Quarterly Journal of Political Science > Vol 16 > Issue 4

Do Newspapers Benefit Incumbents? Evidence from Denmark 1849–1915

Alexander Fouirnaies, Harris School, The University of Chicago, USA, fouirnaies@uchicago.edu
Suggested Citation
Alexander Fouirnaies (2021), "Do Newspapers Benefit Incumbents? Evidence from Denmark 1849–1915", Quarterly Journal of Political Science: Vol. 16: No. 4, pp 505-532. http://dx.doi.org/10.1561/100.00019054

Publication Date: 18 Oct 2021
© 2021 A. Fouirnaies
Elections,  European politics,  Comparative politics,  Democratization,  Political economy
ElectionsEuropean politicscomparative politicsdemocratizationpolitical economyinformation systems and groupscommunication media


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In this article:
Elections and Newspapers in Denmark 1849–1915 
New Data on Parliamentary Elections and Local Newspapers 
Empirical Strategy 
Office Holders Enjoy Press-Coverage Advantage 
Newspapers Increase Reelection Rates 
Larger Effect for Incumbent-Aligned Newspapers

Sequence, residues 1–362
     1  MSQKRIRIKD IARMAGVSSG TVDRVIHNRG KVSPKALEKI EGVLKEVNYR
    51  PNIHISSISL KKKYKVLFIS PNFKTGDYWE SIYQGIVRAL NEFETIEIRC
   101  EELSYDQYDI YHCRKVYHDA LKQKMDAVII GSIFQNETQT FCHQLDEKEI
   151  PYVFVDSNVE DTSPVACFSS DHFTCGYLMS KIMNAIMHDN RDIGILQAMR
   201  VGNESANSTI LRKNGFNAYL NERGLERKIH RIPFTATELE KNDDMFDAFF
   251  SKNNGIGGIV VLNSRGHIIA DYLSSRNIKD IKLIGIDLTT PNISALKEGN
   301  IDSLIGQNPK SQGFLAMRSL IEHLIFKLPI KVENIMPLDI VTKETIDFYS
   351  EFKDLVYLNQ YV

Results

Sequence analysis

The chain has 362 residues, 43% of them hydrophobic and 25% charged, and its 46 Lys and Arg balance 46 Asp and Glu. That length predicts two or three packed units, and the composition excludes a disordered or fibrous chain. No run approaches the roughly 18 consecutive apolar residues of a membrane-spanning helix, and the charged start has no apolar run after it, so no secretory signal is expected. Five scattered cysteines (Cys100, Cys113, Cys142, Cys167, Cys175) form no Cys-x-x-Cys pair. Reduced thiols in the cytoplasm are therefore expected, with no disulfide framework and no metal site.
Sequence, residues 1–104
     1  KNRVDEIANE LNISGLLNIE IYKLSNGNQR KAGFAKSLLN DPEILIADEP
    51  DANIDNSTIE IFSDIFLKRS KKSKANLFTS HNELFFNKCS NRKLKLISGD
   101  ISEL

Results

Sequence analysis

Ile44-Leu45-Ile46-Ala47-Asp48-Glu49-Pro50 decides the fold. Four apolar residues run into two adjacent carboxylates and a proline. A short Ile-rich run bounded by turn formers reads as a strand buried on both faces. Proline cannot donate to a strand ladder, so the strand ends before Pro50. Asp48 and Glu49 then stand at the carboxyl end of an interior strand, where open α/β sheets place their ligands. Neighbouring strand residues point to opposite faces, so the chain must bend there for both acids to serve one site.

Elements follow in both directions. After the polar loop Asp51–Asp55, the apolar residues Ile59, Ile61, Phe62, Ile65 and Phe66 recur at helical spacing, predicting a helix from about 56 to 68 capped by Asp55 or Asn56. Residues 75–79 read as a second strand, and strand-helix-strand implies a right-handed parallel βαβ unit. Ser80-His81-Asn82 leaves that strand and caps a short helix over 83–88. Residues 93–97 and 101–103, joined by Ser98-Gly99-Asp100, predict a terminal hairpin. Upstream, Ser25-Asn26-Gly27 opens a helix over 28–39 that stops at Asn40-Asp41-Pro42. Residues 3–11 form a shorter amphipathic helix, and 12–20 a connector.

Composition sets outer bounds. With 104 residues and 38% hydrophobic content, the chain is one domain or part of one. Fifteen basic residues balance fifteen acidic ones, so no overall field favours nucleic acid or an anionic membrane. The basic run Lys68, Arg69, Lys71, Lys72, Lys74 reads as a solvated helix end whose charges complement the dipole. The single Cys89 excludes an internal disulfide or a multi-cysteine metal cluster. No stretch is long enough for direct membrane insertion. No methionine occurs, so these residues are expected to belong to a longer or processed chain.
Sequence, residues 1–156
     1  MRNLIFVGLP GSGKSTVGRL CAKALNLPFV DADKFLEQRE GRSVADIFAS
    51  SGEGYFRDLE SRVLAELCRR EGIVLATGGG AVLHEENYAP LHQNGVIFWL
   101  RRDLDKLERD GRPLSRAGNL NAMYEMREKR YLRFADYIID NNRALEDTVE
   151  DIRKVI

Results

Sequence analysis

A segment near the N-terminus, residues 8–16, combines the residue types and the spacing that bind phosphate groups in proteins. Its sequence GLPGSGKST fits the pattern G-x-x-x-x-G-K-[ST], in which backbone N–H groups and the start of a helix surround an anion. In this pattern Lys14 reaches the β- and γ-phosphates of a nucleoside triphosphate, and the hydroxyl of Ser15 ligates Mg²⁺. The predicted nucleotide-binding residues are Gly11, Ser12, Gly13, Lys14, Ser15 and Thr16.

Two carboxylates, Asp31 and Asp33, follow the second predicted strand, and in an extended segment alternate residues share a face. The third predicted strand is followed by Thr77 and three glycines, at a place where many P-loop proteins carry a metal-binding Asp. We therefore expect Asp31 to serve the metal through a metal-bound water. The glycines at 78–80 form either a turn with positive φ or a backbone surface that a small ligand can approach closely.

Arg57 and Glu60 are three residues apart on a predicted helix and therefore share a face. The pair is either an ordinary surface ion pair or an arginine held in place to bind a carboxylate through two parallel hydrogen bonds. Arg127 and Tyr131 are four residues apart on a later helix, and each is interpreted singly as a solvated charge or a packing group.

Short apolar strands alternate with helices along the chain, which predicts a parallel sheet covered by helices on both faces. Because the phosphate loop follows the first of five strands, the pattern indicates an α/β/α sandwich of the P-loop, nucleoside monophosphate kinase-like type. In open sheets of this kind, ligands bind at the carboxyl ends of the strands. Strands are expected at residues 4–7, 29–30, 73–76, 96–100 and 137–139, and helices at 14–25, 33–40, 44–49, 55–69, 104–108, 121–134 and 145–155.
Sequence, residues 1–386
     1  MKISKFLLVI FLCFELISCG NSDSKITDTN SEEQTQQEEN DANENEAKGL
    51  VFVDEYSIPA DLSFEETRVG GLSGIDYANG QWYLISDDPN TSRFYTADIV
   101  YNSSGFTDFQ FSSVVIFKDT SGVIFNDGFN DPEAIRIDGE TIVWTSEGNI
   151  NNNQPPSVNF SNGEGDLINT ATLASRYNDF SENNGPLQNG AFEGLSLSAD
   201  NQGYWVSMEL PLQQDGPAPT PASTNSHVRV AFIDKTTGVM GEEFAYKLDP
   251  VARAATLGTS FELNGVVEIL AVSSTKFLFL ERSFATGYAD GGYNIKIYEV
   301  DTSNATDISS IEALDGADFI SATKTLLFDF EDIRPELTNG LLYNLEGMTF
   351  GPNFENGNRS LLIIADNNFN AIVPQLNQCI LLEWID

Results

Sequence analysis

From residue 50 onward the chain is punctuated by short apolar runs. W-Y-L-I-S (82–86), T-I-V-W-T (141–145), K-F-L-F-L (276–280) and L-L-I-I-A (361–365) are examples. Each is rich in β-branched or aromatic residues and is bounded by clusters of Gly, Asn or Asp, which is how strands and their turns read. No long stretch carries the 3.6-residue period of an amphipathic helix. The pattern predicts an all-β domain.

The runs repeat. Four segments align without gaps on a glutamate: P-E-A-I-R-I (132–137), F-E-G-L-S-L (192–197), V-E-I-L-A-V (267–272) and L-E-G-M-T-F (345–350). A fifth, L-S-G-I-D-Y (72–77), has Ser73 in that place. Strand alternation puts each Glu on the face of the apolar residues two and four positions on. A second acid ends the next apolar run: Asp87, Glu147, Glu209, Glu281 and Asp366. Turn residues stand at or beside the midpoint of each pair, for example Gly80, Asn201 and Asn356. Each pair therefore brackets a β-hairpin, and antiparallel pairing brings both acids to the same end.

Scholars have long been interested in how the media shapes electoral accountability, but most of the existing empirical evidence suffers from endogeneity issues. Exploiting the inflow of newspapers engendered by the abolition of censorship in Denmark, this paper studies how newspapers affect the advantages enjoyed by members of parliament. I collect a new dataset on parliamentary candidates (1849–1915) and link them to the complete universe of local Danish newspapers, as well as candidate-level information on news coverage obtained from a database of scanned newspaper pages. Employing a series of difference-in-differences and regression-discontinuity designs, I document three main findings. First, office holders enjoy privileged access to local press coverage. Second, the entry of local newspapers leads to an increase in reelection rates. Third, the benefits enjoyed by incumbents are most pronounced when MPs and newspaper editors are affiliated with the same political party. Taken together, these findings could suggest that office holders in low-information environments benefit more directly from the presence of local media than previously assumed.